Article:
Farmers are being urged to secure grid access before proceeding with renewable energy projects.

Renewables adviser Gareth Lay, from property consultant Bruton Knowles, said many renewable projects had already been stopped in their tracks due to a lack of capacity in the grid.

This problem is particularly evident in the South West, where competition for connecting medium- and large-scale projects is more evident due to a large capacity of the grid already being taken up by wind, solar PV and hydro schemes, he said.

“It is becoming more and more common that we are finding perfect sites for solar farms occupying 25 acres or more, which tick all of the boxes in terms of planning and site suitability, but are being rejected late in the day due to the number of other schemes booking the capacity in the grid,” added Mr Lay.

He advised farmers to book their capacity at an early stage, rather than assuming that because good network coverage already exists, the scheme will go ahead.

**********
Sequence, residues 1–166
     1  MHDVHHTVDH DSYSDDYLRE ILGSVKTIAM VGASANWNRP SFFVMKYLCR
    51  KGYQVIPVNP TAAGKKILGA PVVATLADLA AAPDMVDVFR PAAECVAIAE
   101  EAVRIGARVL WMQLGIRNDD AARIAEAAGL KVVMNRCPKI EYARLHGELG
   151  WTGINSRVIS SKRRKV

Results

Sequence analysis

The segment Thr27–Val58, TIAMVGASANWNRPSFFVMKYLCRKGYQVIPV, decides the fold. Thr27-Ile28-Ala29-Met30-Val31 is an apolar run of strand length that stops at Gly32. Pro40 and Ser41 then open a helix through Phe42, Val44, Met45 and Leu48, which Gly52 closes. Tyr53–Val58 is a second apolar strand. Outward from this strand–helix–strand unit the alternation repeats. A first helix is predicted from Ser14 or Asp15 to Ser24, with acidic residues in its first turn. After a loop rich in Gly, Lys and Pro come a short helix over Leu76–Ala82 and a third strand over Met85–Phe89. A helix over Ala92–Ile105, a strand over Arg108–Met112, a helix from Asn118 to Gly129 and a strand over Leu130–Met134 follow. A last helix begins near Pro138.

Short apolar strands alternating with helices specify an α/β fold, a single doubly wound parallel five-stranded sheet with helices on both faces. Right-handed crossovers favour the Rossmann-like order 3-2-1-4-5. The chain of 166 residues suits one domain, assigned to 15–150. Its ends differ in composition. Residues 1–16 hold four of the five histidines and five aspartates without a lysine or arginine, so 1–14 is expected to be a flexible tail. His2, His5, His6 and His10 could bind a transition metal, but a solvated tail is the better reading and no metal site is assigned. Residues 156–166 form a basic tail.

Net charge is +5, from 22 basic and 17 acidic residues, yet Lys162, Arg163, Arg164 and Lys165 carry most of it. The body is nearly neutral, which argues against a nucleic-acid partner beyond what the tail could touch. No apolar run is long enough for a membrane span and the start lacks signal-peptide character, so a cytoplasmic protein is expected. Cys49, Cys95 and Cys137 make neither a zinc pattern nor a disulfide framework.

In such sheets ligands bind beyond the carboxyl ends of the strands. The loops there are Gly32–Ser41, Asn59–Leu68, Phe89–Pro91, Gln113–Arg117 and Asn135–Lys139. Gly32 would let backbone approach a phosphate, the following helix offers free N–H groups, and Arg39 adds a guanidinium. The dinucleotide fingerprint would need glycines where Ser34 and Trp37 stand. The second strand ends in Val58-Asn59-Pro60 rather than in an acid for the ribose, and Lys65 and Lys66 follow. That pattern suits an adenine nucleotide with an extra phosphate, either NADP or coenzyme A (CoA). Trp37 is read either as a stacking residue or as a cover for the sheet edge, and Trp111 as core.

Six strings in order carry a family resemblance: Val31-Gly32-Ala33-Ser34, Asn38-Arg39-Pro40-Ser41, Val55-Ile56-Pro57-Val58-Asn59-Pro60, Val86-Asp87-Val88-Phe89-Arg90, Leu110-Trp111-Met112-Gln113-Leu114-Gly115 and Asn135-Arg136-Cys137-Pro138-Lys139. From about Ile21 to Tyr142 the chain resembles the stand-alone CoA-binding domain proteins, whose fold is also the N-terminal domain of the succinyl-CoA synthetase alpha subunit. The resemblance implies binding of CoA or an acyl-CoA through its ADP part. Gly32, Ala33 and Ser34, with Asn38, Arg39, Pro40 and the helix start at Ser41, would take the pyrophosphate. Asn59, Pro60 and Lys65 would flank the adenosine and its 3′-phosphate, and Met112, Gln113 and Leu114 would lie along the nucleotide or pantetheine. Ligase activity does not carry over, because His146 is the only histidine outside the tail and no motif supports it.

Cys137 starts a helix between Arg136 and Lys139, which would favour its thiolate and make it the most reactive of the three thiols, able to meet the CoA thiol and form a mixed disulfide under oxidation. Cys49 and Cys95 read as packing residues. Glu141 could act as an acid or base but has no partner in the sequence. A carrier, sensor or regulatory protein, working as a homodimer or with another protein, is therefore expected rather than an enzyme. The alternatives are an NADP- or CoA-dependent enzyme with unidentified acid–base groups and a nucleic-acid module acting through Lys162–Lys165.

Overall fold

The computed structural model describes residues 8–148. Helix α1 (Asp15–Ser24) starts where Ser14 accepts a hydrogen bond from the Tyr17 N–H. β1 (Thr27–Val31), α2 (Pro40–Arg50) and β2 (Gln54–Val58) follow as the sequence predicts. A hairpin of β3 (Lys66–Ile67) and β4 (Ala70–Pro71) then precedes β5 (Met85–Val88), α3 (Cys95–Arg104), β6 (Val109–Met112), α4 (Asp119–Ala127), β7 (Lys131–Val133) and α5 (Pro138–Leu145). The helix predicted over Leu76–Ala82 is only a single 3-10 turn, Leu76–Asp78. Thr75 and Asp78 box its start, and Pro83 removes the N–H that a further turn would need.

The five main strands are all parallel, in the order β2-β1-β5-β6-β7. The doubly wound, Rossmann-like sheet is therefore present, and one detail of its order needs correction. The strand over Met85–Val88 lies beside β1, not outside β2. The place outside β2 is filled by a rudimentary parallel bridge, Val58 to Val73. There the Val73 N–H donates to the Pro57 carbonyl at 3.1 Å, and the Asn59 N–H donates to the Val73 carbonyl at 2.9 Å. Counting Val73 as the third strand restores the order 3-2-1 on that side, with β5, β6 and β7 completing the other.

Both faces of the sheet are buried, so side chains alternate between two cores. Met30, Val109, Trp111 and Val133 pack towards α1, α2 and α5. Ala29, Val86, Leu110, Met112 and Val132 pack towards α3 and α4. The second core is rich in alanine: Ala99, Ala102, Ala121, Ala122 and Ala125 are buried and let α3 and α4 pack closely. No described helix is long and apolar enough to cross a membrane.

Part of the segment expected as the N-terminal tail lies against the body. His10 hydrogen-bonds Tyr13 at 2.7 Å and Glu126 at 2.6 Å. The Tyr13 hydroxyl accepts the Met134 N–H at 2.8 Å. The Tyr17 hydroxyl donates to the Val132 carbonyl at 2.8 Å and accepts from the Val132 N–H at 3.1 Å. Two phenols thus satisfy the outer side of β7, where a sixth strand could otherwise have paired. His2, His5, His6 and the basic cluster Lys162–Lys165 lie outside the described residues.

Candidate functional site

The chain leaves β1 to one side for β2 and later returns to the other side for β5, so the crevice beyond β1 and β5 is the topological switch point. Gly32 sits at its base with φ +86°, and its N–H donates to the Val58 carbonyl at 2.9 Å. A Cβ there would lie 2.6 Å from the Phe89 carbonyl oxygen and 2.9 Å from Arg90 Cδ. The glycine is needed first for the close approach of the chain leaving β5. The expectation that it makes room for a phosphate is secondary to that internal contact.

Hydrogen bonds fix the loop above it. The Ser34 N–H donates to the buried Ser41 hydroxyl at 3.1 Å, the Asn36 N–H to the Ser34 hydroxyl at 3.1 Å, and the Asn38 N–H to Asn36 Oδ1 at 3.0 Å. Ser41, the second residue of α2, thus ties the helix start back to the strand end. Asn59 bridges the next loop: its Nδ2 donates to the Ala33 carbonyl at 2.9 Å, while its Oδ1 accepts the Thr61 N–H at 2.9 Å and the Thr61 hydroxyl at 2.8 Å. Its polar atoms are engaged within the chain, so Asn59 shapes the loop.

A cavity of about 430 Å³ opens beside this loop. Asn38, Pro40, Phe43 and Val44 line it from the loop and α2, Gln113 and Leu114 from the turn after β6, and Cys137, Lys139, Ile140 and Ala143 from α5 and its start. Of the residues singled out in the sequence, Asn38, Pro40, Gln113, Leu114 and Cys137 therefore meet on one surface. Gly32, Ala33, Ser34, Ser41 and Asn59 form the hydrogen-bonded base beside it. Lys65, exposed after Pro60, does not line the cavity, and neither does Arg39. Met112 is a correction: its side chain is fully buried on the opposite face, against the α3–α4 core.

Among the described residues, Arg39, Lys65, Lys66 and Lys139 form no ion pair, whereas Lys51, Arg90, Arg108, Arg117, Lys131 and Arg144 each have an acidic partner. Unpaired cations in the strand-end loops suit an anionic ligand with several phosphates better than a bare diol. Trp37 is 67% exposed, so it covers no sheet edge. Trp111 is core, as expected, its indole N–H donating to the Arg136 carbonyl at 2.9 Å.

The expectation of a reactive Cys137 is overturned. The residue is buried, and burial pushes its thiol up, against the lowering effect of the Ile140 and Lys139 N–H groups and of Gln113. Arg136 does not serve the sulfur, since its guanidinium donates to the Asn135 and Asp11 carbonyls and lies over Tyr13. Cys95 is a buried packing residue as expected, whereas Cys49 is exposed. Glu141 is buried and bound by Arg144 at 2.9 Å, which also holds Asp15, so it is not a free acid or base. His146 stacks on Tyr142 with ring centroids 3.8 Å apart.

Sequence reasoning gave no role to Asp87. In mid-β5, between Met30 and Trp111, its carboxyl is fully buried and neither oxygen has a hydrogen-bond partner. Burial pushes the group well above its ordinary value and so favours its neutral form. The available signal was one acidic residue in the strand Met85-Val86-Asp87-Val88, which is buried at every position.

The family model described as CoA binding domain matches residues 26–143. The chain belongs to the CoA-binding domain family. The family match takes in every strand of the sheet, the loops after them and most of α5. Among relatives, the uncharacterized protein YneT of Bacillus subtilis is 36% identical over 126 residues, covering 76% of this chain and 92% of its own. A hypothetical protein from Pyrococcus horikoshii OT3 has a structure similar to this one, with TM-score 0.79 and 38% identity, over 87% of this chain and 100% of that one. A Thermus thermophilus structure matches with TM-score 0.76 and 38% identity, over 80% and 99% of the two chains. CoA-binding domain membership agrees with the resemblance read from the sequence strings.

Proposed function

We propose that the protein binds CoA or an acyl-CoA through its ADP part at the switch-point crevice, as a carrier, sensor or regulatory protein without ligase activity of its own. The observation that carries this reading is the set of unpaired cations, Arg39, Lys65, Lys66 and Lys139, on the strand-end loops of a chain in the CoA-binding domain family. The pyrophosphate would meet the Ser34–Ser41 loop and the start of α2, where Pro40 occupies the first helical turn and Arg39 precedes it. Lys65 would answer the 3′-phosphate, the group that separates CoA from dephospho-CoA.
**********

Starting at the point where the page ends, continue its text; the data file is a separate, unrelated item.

“The network was never designed for multiple small- and medium-scale inputs throughout the system. Instead, the lines and substations are designed for large single-input power supplies from power stations.”

Tips for securing grid capacity 
  • Select sites close to regional substations, rather than just relying on the presence of power lines
  • Contact the local planning authority to see what type and size projects have been applied for in the last 12 months
  • Seek assurance from your renewable developer that they will establish the likelihood of grid connection from the outset
  • Be prepared to scale back the size of schemes, and potential income, to match the grid capacity
  • Use your local knowledge to work with developers to find alternative routes for cabling, such as using farm tracks and roads, or through neighbouring property
  • Use developers who have experience of working with the District Network Operator
  • Use an experienced agent.

For more on this topic

See our renewables page

Gemma Mackenzie on G+